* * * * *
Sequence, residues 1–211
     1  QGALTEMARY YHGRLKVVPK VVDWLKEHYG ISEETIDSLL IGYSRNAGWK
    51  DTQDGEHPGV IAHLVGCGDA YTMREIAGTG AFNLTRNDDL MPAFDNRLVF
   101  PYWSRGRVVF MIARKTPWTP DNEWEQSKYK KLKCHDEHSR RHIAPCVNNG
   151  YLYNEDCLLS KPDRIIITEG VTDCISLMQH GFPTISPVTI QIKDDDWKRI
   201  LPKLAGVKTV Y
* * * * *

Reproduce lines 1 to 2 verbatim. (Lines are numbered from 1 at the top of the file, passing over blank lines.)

Sequence, residues 1–211
     1  QGALTEMARY YHGRLKVVPK VVDWLKEHYG ISEETIDSLL IGYSRNAGWK